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Letters to the editor for March 14, 2012

Aaron for DA. why repeat mistakes? See 'skin of our Teeth' More...

Aaron for DA

Brian Aaron, a local attorney, has been my personal friend and family attorney for almost 20 years. He is a fair and honest man. He knows the law and pulls no punches.

Watching him in the courtroom makes you glad he is on your side. If Hood River gets the opportunity to hire him as District Attorney, they better grab their chance. He will get the job done, and do it right. It has been a privilege to know him.

Debbie Watson

The Dalles

What is downside?

On the campaign trail, former Speaker of the House Newt Gingrich has been throwing around the line, "You can't put a gun rack in a Volt," mocking the Chevrolet electric car. Really - attacking a fuel-efficient car?

The Republican Party has been rightly critical of President Barack Obama for failing to lead on energy production. But too many Republicans are guilty of failing the same leadership test, actively rejecting what has to be a pillar of a smart energy policy - conservation.

As global demand and speculation drive up the cost of gas, one of the best ways to save money at the pump is to take personal responsibility: Make sure your tires are properly inflated, drive efficiently and drive a fuel-efficient vehicle when possible.

Every drop of fuel that we conserve today - while we develop our own resources - is a drop of fuel that we don't need to buy from hostile dictatorships. Conservation's simply a sensible part of the package.

Plenty of Democrats have gone too far in demagoguing against big oil. But to every pundit or politico who wants to make hybrid car jokes, we have to ask: What's the downside to improved efficiency?

Charlie Christensen

Hood River

Poor stepchild

Poor stepchild Cascade Locks. It seems everything you want daddy won't let you have it.

Sean M. Palmieri

Hood River

'What a

good boy'

I liken the mayor's (Feb. 25) state of the city commentary to the Tom Thumb poem's "plum" conclusion.

Considering the many challenges and their outcomes, he has the right to brag on accomplishments.

But why did he agree with the discharge of our chief of police, who was free of public complaints? Was politics involved? I've been there.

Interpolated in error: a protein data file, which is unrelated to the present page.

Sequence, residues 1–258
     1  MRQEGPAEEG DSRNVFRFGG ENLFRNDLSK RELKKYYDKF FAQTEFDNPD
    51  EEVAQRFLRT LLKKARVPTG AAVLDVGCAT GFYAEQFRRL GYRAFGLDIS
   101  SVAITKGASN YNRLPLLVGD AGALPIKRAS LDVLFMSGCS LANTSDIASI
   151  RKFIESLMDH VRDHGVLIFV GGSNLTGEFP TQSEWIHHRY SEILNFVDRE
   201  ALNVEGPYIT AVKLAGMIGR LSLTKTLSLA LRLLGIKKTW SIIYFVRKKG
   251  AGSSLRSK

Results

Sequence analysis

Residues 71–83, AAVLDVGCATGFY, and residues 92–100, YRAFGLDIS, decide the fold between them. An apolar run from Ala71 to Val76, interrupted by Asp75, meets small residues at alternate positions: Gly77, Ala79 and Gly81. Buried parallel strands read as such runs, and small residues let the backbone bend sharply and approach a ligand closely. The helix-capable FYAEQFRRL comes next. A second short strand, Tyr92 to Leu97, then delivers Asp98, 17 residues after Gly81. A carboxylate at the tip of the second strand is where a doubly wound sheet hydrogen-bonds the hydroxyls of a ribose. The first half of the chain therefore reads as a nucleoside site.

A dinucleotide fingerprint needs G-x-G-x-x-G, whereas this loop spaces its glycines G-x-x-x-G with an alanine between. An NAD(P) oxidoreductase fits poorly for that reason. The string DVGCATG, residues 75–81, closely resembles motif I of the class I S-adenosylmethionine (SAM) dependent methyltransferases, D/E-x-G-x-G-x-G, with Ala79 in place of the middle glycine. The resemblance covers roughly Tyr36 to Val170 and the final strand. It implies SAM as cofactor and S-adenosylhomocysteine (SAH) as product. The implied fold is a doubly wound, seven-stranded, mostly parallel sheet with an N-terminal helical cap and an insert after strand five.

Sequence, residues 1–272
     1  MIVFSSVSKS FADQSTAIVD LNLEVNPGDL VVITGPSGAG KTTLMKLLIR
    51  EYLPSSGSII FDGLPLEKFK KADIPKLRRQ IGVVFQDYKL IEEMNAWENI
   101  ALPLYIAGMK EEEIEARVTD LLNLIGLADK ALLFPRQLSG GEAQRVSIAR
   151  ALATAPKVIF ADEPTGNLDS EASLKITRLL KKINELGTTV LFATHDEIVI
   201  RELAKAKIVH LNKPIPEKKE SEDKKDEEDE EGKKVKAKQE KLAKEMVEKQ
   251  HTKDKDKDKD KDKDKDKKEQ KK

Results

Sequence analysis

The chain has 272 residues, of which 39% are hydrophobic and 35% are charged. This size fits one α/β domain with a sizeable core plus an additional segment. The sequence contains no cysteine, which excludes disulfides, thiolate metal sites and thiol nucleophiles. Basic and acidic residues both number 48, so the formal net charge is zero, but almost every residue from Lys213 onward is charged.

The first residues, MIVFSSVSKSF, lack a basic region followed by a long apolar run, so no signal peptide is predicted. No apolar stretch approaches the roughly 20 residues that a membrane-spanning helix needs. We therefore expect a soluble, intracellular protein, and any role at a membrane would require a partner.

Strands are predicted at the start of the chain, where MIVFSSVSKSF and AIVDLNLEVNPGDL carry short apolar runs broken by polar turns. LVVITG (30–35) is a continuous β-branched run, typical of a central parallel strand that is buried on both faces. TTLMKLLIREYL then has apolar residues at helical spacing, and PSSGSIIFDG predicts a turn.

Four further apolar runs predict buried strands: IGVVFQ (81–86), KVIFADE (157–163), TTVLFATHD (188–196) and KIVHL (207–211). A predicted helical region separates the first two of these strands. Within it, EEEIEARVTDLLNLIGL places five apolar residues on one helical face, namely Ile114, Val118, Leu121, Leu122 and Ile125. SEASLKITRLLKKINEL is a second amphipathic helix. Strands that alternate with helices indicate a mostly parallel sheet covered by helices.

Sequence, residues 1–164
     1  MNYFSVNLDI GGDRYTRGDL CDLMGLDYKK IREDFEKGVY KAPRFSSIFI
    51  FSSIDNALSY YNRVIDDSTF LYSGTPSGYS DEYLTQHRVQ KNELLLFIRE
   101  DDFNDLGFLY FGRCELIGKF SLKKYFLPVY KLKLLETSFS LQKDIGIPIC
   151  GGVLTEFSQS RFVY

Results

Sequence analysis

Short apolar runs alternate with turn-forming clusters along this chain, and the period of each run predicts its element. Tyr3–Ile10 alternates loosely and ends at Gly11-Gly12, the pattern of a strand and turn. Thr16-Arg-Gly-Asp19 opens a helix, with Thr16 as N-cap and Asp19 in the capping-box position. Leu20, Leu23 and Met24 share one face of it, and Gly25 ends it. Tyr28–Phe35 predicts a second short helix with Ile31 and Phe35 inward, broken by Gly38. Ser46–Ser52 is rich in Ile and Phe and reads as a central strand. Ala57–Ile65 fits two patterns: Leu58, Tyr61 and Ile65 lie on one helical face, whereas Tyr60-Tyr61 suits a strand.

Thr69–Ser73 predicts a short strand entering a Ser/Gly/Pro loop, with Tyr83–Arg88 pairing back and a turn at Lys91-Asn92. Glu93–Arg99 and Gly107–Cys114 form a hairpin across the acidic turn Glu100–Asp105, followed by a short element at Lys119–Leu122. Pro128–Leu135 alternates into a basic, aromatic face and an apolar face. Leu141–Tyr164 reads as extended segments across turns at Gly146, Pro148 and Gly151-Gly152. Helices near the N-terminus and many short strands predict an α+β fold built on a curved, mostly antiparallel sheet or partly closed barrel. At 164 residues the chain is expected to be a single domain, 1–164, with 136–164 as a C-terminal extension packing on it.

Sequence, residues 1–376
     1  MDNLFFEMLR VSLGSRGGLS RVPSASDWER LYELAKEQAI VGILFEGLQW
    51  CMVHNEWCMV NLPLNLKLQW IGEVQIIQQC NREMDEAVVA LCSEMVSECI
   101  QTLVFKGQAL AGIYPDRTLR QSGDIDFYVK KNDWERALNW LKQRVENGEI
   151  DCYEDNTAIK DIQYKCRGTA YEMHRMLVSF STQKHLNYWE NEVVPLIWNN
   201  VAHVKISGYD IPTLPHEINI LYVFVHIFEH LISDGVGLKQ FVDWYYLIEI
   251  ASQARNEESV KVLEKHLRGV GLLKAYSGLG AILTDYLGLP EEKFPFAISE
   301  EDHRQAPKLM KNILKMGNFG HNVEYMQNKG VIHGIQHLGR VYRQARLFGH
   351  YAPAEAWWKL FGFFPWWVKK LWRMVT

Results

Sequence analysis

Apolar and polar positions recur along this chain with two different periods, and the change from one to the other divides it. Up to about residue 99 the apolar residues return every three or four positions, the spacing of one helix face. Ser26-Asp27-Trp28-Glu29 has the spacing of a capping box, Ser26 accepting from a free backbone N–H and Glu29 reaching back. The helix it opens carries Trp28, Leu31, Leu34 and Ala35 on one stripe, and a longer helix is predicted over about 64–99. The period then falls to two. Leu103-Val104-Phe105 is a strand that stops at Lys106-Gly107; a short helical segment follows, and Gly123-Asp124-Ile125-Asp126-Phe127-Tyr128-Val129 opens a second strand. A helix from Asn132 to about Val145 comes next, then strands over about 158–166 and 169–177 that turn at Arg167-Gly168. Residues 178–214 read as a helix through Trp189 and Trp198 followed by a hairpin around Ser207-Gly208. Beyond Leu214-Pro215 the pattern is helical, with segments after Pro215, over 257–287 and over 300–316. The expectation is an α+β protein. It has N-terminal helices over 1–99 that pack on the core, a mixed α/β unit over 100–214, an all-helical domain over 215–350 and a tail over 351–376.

The mayor's reference to agriculture as our roots tells me that he didn't live here prior to 1980 and windsurfing. The Dee Flat farmers could tell him how difficult it was to "grub out" those fir stumps.

The city hall renovation was an expenditure of foolishness and the police station belongs next to the fire station.

Transportation was the "plum" that I was seeking. It was mentioned in the form of "a great bike path," parking meters, and no "traffic" (?). It can be done, but not with politics.

Considering the time and monies expended over the past years for the three studies, our transportation issues should have been solved, but pride/politics was the "rusty" link:

1) 2003 - County's elongated transportation study involving several agencies and travel modes collimating with Mount Hood Railroad's $1,000,000 grant and the "foundation" for this multimillion dollar bicycle trail program. (Politics?) No Park and Ride program.

(I applaud the two newer council members for their wisdom in this matter.)

2) 2006 - City's $30,000 parking problem study ending in part with a proposed parking structure partly on Mount Hood Railroad property, while three of the four city-owned parking lots on State Street weren't included thanks to management failure. (Politics?)

3) 2011 - ODOT-IAMP four long years of presentations ends.

Back to my transportation interest (plum). Last spring I submitted to the city hall receptionist what was a "Park and Ride" plan from "A to Z." She promised to lay it on Bob Francis' desk. I did a follow-up call for discussion purpose. Again no reply. I regret that I did not keep a copy.

P.S. Praise the Lord for Mayor Babitz.

Alan Winans

Hood River

Cap those

open pipes

To continue to enjoy wild birds for their beauty and natural services, we must be thoughtful of them, as well. According to the National Audubon society, a very large hazard for wild birds is often present on our properties: open pipes.

Pipes, fence posts or markers from 1-12 inches in diameter are attractive to birds for nesting space. Vertical pipes, sometimes long forgotten by us who placed them, are impossible for birds to fly out of once they enter. They become trapped and perish.

This big hazard has simple solutions: removal, capping or screening. Caps and screens can be purchased, may be donated or created from cement.

Please take the time to look around, next time you are enjoying what this region has to offer, and make sure the birds can fly freely.

Megan Perry

Hood River

See 'Skin of

Our Teeth'

Don't miss the opportunity to share in playwright Thornton Wilder's rich tapestry of mankind (and all other mammals) in his drama "By the Skin of Our Teeth."